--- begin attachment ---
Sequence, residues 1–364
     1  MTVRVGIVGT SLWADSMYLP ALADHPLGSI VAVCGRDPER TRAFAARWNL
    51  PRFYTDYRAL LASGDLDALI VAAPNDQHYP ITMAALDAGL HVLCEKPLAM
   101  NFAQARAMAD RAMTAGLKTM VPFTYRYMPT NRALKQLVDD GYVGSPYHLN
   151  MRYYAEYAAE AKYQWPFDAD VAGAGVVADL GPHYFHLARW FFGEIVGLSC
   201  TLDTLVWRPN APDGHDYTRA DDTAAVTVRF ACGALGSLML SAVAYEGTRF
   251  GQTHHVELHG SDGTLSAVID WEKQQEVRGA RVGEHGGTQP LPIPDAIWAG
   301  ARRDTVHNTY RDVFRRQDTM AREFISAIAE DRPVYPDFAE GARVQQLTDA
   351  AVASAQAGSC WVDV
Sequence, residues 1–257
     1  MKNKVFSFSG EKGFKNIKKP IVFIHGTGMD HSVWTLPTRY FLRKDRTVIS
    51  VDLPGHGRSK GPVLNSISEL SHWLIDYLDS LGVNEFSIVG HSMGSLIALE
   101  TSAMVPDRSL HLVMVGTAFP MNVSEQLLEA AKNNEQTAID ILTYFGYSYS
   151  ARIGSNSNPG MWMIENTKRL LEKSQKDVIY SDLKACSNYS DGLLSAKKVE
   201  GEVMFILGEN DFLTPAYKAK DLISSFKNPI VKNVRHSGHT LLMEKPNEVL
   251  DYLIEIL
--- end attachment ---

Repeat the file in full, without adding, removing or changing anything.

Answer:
Sequence, residues 1–364
     1  MTVRVGIVGT SLWADSMYLP ALADHPLGSI VAVCGRDPER TRAFAARWNL
    51  PRFYTDYRAL LASGDLDALI VAAPNDQHYP ITMAALDAGL HVLCEKPLAM
   101  NFAQARAMAD RAMTAGLKTM VPFTYRYMPT NRALKQLVDD GYVGSPYHLN
   151  MRYYAEYAAE AKYQWPFDAD VAGAGVVADL GPHYFHLARW FFGEIVGLSC
   201  TLDTLVWRPN APDGHDYTRA DDTAAVTVRF ACGALGSLML SAVAYEGTRF
   251  GQTHHVELHG SDGTLSAVID WEKQQEVRGA RVGEHGGTQP LPIPDAIWAG
   301  ARRDTVHNTY RDVFRRQDTM AREFISAIAE DRPVYPDFAE GARVQQLTDA
   351  AVASAQAGSC WVDV
Sequence, residues 1–257
     1  MKNKVFSFSG EKGFKNIKKP IVFIHGTGMD HSVWTLPTRY FLRKDRTVIS
    51  VDLPGHGRSK GPVLNSISEL SHWLIDYLDS LGVNEFSIVG HSMGSLIALE
   101  TSAMVPDRSL HLVMVGTAFP MNVSEQLLEA AKNNEQTAID ILTYFGYSYS
   151  ARIGSNSNPG MWMIENTKRL LEKSQKDVIY SDLKACSNYS DGLLSAKKVE
   201  GEVMFILGEN DFLTPAYKAK DLISSFKNPI VKNVRHSGHT LLMEKPNEVL
   251  DYLIEIL